Agriculture, in India, is influenced basset physical, institutional and technological factors. Wh1 physical factors deal primarily with topography mate, soil etc the institutional factors refer to the s’ of farm holdings, land tenure system etc. Similar technological factors include irrigation, use of hi yielding variety of seeds, fertilisers, farm machinery insecticides etc.
These factors collectively have impact on the level of agricultural development an output of agricultural production in a region. Abri review of these factors is given here.
It is the physical factors which have t’ impact on the agricultural typology, cropping pal tern, crop intensity and agricultural productivity Although man has been able to find out solution f various problems associated with physical fact but these are relevant only for a limited area e, extension of agricultural lands to arid and semi-a ‘ areas through irrigation, restoring soil fertility loss through manures and fertilisers and protecting crops from the pests and diseases through pesticides and chemicals. Among these physical factors relief, climate and soil are very important.
Relief-Relief is the difference of height between the highest and the lowest points in the region. It is expressed in terms of height from sea level and gradient. Generally plains owing to their low altitude and gentle slope are preferred for agriculture.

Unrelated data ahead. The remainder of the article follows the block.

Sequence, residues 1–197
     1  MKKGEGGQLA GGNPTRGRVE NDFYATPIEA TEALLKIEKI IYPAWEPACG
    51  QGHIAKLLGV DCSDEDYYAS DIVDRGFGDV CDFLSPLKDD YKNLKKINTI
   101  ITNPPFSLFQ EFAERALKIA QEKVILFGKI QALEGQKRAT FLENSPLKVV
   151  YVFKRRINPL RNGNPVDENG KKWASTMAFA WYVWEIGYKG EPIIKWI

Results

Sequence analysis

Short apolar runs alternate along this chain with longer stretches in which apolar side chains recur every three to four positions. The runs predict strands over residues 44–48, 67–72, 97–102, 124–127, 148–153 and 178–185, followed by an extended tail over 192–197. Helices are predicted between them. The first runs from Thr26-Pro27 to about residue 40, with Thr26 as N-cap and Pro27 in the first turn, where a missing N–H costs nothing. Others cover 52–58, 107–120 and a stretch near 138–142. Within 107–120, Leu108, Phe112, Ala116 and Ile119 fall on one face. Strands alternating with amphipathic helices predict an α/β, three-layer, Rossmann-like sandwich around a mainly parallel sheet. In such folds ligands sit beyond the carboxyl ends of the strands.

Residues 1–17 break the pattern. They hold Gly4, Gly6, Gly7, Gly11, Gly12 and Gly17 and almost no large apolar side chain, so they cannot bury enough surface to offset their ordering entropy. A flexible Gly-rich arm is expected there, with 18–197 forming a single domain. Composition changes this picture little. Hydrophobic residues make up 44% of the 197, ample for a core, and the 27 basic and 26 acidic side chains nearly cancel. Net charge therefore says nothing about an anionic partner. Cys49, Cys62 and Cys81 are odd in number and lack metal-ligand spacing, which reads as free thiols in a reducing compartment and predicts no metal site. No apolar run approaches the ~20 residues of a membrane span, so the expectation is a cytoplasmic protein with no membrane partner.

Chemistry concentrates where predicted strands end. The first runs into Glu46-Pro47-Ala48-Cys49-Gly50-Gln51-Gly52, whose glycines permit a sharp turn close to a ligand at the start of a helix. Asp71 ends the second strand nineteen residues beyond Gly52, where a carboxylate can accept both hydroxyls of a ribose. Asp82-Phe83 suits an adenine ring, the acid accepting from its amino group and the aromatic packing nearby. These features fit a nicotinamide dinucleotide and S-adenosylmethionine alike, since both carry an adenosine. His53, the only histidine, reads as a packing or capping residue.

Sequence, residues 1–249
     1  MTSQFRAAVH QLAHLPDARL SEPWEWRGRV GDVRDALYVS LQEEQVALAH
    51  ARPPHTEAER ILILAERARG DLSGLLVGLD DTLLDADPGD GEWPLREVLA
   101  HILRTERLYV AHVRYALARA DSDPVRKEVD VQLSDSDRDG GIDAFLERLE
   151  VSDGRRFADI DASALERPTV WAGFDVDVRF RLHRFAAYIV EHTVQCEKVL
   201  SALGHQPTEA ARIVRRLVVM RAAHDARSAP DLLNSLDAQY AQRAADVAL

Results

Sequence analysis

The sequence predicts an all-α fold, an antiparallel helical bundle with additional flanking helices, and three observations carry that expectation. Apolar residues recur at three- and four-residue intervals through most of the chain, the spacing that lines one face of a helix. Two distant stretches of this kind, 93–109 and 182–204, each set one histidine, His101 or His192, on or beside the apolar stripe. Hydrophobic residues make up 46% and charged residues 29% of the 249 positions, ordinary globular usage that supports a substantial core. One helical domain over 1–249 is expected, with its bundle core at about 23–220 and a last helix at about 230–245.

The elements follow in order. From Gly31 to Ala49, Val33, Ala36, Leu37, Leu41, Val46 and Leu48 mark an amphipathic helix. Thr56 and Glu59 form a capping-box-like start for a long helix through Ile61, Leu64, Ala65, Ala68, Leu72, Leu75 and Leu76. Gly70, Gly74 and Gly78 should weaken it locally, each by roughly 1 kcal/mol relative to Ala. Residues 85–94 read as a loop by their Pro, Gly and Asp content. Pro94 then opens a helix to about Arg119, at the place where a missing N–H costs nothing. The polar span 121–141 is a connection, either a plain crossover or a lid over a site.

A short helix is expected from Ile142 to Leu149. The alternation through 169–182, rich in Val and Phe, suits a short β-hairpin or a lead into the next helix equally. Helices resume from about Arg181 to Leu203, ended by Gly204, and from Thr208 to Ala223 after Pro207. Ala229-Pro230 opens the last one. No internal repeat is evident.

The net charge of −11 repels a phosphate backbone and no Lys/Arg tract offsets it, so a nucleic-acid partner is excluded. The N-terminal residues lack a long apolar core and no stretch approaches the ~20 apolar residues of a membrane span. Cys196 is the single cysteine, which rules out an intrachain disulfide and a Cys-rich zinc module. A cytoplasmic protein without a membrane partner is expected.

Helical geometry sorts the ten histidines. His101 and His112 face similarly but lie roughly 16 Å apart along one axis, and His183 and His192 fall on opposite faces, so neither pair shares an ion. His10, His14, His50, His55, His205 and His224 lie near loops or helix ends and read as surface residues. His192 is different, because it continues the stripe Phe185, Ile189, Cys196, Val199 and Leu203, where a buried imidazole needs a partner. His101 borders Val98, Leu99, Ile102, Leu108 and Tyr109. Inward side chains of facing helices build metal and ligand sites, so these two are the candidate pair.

That is why the Ganga plain is an area of intensive agriculture. On the contrary, plateau and hilly areas owing to paucity of level land, thin soil cover, steep gradient accelerating soil erosion, less temperature affecting plant growth and lack of transport and communication facilities are not considered ideal for agriculture.
Here agriculture is limited to gentle hill slopes (terraced farming) and in valley bottoms up to certain altitude. Instead these areas provide good pastures for animal husbandry. But the southern plateau of India due to its low altitude, flat table land and thick and fertile soil cover promotes agriculture. Similarly, orchards, plantations and pastures are seen in Himalayan region along with terraced fields.
Climate-Climate through its elements like temperature (sun light, cloudiness, and frost free days), rainfall and winds etc. affects agricultural operations in a region. Located in the Torrid Zone India receives enough solar radiation to sustain agricultural activities. But the high variability of rainfall in place and time adversely affects agricultural prospects. Since about 60 per cent of cropped area is still rain-fed the timely arrival and good monsoon yield rich agricultural harvests.
The failure of monsoon leads to drought and famine and badly affects the agricultural prospects leading to food scarcity. Similarly excess of rainfall causes floods and water logging damaging the standing crops. In India about 46 million hectares (14 per cent) come under flood prone and waterlogged areas and annual loss due to floods runs into crores of rupees.
Soils-it is probably the most important determining physical factor, not only because it supports all kinds of plant life but it also determines the cropping pattern, cropping intensity and crop-yield. A fertile soil owing to rich agricultural harvests is always preferred for agricultural activities while a degraded soil facing the problems of erosion, low fertility, salinity and alkalinity ultimately turns the area into ravine and barren lands. In India about 12 million hectares of land (3.64% of the country’s area) is plagued with the problems of soil salinity, alkalinity and gully erosion.